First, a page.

In C, strings are just char arrays. So you can't add to them directly.
Here is an example from cplusplus.com:
strcpy (str,"these ");
strcat (str,"strings ");
strcat (str,"are ");
So in your example, you would want:
char *foo = "foo";
char *bar = "bar";
strcpy (str, "TEXT ");
strcat (str, foo);
strcat (str, bar);
The return value of strcat can just be ignored, it returns the same pointer as was passed in for the first argument. You don't need this value. The return value is simply for convenience, so it allows you to chain the calls into one line of code.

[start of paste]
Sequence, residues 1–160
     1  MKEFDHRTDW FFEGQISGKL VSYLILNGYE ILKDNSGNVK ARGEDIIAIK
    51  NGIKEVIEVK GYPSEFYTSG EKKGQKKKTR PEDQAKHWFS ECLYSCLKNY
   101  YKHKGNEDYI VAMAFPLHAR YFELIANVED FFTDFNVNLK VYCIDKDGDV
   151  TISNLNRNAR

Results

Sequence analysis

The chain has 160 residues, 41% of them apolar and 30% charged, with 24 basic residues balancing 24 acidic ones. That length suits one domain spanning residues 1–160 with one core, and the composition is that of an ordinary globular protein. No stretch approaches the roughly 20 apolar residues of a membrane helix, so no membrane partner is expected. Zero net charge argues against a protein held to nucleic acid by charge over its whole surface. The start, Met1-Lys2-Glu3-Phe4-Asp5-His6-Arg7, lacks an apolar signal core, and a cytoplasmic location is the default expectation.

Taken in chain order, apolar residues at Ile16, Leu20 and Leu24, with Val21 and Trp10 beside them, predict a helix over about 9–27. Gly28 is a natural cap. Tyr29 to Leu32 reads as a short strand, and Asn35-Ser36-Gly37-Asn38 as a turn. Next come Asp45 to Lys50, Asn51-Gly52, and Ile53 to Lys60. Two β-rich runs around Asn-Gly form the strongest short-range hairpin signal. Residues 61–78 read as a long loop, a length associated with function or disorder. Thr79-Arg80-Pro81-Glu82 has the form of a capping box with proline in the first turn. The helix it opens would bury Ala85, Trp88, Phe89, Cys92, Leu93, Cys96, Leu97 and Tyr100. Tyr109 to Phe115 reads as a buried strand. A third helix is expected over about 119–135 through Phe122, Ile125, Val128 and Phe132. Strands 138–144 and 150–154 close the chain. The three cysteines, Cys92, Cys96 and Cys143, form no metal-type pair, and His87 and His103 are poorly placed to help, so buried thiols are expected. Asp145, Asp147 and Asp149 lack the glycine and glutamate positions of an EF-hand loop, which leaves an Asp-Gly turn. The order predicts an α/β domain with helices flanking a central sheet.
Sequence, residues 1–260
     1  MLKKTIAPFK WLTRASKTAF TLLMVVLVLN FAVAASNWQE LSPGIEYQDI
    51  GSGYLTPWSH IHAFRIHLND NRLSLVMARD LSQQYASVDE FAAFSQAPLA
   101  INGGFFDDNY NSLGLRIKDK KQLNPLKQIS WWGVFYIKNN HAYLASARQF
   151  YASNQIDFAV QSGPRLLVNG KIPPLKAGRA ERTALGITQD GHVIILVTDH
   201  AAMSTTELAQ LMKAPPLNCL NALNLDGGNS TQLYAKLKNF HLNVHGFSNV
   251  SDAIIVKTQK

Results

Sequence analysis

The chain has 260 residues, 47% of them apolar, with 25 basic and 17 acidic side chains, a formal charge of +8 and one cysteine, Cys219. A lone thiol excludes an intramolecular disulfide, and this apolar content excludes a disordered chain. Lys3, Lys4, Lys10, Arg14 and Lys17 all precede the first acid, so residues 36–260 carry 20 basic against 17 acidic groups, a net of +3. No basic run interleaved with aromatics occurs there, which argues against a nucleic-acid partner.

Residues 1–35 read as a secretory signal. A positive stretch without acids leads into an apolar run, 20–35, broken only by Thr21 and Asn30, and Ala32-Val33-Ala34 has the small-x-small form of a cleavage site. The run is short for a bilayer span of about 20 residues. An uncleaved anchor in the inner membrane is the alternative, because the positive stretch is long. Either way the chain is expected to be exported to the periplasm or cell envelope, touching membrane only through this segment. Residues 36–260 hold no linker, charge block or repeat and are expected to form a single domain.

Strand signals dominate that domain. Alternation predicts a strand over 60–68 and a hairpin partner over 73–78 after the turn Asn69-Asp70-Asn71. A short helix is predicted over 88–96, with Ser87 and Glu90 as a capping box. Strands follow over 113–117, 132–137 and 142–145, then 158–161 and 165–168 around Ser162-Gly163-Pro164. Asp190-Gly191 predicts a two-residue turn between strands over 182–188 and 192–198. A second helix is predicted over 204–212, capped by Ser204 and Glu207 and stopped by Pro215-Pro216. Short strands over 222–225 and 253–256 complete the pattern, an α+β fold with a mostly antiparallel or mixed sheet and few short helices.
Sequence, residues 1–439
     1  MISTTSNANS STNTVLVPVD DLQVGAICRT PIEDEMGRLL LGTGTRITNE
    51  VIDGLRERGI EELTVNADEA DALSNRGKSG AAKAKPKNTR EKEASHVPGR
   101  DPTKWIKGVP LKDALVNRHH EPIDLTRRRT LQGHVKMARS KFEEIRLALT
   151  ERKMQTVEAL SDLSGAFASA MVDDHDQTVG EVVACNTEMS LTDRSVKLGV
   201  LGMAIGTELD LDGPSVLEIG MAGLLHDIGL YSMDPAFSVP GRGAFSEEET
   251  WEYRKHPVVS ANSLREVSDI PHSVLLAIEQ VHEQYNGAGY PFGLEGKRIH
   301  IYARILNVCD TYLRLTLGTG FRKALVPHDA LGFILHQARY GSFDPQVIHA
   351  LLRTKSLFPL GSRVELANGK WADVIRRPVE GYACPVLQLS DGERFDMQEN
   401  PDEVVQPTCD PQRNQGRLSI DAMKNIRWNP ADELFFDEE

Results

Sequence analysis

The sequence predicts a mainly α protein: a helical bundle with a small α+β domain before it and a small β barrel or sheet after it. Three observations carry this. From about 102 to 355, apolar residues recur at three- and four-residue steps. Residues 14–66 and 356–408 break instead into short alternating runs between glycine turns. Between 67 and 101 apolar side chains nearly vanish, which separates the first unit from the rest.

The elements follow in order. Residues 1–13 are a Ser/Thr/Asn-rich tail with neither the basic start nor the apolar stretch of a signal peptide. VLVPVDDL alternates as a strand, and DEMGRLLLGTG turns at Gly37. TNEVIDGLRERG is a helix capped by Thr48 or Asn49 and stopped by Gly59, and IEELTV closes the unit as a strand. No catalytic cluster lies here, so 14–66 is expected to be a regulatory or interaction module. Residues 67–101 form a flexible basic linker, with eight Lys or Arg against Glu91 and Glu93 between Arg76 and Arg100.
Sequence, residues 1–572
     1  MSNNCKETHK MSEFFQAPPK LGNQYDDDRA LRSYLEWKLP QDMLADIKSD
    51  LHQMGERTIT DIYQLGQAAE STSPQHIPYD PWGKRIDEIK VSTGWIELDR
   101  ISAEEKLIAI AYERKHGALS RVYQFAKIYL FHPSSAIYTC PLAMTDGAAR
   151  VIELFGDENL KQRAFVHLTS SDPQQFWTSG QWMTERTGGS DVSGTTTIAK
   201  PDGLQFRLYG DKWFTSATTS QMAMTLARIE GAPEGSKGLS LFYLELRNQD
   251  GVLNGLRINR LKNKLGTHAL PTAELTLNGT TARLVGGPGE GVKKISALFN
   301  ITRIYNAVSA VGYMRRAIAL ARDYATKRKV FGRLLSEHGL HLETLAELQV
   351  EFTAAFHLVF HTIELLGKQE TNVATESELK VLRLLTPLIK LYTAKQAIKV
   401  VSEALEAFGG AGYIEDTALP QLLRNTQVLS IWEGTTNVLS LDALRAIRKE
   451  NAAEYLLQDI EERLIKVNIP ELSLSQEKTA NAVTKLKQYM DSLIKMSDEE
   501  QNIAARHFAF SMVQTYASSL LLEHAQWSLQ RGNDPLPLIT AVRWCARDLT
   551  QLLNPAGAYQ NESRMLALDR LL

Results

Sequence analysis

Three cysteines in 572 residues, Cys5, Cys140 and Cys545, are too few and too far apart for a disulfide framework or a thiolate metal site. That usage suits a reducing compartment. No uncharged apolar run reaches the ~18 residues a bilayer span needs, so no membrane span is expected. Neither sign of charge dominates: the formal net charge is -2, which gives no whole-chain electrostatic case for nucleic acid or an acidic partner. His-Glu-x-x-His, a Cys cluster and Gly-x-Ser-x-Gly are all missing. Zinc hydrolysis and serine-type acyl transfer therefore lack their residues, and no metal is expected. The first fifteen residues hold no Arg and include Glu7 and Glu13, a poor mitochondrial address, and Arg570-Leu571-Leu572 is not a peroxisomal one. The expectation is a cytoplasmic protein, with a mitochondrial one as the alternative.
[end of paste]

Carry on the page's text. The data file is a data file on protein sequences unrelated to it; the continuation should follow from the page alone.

For the first parameter, you need to have the destination buffer itself. The destination buffer must be a char array buffer. Example char buffer;
Be very careful that the first parameter has enough space for what you're trying to copy in. If available to you, it is safer to use functions like: strcpy_s and strcat_s which explicitly specify the size of the destination buffer.
You can never use a string literal as a buffer; you must always use your own buffer.